Two others lift the mast out of the hole and hold it parallel to the ground, while the pallbearers lift the scarecrow out of the coffin and secure it to the mast with twine. The shape of the mast is cross like with a smaller cross piece for his feet. His arms are draped over the upper pole and tied there, his feet are placed one on each side of the pole so when it’s raised, he looks like he is standing there. We use a smaller cord that is the color of the boots to tie each foot to the pole, you can barely see them and it looks like he’s just hanging around up on the mast.
The mast is then raised up right and put back in the post hole. Dirt and small rocks are packed into the hole and around the base of the mast. The Jack O’ Lanterns are placed on the ground circling the base of the mast pole, each with a votive candle inside. We all hold hands forming a circle around the scarecrow and all recite the following poem that we made up:
With the fires all lit the bats fly above,
We’ve raised the Scarecrow for all to see!
Halloween is near, the night we all love,
With the fires lit, let evil spirits flee!
Protect us, oh Scarecrow, until Halloween night!
Such a frightening visage, you bring such fear.
We’ll honor you every year with fires alight,
You’ll soon be gone but be back again next year!
That ends the ritual. Now, it’s party time! We let the torches and Jack O’ Lanterns burn and we start a fire in our fire pit. We all gather around it and roast marshmallows, make S’Mores and drink hot apple cider. We tell stories of past Halloweens, ghost stories or just whatever pops up. This usually goes on for a couple hours until it’s just too chilly to sit out anymore, even with the fire going. We douse the fire pit out but we let the torches and Jack-O-Lanterns burn. We keep an eye on them until we are ready for bed and then someone goes out and puts all the candles and torches out until the next night.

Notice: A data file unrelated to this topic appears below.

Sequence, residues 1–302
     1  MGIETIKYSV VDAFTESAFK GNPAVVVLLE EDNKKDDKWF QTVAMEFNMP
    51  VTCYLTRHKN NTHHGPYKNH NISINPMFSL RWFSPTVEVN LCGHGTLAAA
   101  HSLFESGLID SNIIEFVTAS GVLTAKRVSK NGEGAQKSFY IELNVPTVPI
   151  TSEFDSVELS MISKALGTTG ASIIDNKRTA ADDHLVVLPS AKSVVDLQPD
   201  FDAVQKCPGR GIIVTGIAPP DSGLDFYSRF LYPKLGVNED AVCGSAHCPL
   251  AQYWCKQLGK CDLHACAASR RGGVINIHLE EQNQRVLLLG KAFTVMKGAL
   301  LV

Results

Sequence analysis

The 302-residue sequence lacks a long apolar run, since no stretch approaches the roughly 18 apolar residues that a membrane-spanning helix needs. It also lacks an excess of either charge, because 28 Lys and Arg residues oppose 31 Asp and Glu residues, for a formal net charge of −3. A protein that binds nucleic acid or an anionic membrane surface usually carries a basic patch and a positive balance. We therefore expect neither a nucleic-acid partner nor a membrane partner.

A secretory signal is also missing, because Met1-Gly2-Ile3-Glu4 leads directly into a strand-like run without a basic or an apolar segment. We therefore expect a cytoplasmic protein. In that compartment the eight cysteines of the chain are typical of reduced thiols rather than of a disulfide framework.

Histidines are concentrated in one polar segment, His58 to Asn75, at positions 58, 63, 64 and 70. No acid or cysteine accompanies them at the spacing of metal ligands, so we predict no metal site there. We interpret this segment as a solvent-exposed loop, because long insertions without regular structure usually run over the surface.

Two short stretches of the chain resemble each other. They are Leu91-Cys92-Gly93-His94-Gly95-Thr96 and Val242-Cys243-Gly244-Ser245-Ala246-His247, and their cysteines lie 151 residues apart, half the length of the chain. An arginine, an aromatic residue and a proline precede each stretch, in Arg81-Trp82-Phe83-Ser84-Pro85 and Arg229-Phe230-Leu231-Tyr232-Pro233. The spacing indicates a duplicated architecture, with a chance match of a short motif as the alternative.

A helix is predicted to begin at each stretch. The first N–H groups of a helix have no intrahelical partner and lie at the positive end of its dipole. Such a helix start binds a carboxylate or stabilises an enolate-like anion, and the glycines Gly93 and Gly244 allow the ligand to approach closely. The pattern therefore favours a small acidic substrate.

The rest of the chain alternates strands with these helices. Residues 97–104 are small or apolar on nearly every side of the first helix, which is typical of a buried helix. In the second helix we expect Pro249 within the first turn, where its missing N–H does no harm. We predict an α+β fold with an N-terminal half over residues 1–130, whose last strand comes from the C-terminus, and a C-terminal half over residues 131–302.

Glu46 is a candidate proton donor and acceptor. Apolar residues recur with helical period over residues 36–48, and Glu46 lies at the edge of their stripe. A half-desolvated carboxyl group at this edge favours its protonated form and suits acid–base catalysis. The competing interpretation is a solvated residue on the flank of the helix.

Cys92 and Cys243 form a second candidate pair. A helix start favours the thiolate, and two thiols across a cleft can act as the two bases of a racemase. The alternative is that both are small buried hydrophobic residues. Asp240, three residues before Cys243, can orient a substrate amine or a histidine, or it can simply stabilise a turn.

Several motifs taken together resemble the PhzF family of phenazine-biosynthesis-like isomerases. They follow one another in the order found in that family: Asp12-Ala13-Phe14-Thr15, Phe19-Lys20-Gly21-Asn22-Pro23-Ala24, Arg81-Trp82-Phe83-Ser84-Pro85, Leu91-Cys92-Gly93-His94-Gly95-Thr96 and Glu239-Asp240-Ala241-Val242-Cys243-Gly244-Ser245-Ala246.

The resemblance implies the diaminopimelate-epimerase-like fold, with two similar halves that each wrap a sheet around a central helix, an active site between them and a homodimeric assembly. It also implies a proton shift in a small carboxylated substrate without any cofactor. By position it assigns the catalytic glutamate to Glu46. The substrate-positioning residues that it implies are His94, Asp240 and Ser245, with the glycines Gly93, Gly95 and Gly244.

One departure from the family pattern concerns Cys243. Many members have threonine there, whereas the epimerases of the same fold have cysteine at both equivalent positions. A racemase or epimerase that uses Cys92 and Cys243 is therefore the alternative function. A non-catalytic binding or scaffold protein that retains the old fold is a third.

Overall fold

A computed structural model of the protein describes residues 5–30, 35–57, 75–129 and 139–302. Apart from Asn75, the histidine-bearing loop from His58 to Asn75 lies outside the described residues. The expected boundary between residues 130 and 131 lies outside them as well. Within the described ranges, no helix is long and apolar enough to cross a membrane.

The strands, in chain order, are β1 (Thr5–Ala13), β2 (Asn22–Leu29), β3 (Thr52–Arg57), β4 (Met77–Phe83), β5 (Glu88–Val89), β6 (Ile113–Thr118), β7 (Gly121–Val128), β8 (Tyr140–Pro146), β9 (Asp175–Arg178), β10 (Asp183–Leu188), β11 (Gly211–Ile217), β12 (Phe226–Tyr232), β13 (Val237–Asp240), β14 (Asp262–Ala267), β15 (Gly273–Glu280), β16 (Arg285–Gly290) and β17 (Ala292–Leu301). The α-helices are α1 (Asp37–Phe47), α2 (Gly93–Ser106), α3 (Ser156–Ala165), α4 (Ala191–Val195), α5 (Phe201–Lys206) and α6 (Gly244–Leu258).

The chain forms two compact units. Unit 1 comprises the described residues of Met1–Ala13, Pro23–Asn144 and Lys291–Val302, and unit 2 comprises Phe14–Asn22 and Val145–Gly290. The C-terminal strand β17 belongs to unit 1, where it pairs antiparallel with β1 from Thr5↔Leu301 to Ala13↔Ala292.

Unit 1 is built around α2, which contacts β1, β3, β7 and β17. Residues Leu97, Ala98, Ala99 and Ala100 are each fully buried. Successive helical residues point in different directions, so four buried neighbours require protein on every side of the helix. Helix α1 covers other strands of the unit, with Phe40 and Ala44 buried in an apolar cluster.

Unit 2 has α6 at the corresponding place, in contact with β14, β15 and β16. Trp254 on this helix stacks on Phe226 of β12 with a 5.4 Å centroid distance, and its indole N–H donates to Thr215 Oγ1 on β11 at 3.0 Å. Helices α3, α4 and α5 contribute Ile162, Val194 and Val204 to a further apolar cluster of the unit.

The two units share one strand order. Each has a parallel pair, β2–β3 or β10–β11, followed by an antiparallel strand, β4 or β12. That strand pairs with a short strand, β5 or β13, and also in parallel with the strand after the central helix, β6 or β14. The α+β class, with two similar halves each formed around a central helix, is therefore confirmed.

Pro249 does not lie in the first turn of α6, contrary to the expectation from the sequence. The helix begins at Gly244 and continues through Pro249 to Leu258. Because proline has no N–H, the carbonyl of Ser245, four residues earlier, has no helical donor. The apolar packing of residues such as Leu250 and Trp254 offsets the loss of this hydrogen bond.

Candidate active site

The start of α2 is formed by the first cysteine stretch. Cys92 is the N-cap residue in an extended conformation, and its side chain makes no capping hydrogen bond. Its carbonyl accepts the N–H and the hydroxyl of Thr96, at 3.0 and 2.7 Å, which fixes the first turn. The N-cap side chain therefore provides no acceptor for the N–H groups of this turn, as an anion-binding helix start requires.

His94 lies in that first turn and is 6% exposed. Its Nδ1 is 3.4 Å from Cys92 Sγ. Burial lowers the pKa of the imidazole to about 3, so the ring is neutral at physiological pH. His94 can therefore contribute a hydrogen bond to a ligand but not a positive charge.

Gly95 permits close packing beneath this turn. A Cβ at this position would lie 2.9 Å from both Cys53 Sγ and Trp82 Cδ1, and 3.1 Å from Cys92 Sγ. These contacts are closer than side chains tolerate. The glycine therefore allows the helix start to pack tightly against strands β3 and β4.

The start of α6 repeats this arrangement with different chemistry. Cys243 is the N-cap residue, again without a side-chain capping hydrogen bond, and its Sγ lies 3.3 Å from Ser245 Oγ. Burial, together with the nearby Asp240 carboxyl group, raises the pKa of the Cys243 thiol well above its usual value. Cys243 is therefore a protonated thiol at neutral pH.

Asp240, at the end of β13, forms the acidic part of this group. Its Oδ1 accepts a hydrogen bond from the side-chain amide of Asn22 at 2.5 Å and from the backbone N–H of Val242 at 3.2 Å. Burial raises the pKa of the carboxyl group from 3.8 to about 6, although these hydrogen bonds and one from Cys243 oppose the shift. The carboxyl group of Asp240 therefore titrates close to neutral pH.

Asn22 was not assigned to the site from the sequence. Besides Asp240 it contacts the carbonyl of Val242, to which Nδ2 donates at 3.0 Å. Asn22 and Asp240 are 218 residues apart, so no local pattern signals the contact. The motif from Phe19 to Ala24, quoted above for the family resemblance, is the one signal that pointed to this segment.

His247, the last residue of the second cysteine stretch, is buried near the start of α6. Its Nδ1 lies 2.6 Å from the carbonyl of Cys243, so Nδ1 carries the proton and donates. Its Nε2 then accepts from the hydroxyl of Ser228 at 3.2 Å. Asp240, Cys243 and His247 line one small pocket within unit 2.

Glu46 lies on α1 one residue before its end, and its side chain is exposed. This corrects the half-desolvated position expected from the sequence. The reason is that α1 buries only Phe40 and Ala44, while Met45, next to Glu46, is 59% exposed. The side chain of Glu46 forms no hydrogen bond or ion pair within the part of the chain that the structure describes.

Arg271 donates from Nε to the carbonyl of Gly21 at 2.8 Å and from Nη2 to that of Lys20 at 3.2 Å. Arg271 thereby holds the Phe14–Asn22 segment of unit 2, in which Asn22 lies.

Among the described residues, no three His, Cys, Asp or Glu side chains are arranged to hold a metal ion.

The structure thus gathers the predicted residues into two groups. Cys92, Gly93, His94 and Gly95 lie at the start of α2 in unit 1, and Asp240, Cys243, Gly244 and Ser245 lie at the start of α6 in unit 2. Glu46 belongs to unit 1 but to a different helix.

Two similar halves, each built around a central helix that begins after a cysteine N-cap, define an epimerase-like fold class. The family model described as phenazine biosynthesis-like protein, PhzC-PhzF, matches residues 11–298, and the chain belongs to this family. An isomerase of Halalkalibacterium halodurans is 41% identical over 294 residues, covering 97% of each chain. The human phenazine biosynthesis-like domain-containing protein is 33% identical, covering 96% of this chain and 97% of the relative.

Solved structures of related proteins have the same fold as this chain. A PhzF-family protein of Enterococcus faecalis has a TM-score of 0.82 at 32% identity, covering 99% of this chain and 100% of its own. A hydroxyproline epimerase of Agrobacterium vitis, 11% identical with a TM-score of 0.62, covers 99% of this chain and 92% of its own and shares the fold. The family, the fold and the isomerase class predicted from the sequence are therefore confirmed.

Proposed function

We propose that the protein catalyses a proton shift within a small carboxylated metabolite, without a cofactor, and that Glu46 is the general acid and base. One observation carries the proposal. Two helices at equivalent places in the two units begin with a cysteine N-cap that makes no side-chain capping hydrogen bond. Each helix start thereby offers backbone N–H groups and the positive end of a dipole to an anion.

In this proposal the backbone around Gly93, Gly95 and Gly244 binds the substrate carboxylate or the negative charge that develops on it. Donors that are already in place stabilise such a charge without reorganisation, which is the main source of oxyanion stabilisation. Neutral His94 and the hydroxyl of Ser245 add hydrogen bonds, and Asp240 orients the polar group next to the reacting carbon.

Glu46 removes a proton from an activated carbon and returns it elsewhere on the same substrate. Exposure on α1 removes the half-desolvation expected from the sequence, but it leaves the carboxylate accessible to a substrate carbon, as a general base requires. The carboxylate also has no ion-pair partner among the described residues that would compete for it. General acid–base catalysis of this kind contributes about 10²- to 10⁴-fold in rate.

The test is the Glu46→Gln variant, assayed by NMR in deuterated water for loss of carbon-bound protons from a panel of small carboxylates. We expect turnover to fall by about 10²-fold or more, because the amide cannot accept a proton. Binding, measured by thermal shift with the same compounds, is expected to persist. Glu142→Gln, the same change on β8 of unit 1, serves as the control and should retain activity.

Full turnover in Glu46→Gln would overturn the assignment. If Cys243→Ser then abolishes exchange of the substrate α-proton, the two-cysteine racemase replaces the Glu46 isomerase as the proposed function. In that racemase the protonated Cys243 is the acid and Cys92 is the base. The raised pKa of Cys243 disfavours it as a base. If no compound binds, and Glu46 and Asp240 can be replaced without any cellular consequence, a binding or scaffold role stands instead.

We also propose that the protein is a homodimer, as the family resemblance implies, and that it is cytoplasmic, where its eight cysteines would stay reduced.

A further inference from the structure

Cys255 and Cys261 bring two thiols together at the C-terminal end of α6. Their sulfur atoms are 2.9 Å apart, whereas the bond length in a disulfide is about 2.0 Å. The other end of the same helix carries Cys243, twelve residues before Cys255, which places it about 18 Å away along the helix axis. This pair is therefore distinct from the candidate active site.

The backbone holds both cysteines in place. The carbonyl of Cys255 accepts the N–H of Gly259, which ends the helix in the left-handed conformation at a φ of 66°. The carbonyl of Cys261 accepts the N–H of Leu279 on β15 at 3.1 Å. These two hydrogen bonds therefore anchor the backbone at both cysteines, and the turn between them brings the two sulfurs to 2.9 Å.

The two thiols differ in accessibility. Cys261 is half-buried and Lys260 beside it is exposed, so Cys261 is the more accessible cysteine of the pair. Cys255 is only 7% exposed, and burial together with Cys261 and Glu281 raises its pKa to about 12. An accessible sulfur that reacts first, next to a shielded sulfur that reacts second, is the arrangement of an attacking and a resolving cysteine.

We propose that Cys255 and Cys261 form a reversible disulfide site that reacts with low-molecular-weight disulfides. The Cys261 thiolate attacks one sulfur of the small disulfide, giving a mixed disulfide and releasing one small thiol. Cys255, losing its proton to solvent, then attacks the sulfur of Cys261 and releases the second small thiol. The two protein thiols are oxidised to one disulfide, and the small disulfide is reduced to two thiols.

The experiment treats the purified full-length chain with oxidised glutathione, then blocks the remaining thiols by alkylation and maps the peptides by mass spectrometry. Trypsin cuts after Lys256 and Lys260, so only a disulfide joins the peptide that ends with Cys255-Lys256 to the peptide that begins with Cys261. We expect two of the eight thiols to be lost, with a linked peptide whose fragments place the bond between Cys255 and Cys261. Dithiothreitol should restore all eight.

The Raising of the Scarecrow – Rest of October
Every night until Halloween night, one of us goes out at dusk and lights the fires again, weather permitting, and then we put them out just before going to bed. Then we just sit back and enjoy the rest of the night that we love most, Halloween! It actually makes us feel a bit secure to have him up in our front yard where anyone driving down the road can see him. He’s a pretty scary looking guy hanging up there. Some times, after Halloween before we put him away, we set him on our big yard swing that was made for us by a friend. You can fit about four people on it normally so we just let him stretch out and drape himself over the swing. From a distance it actually looks like someone sitting there.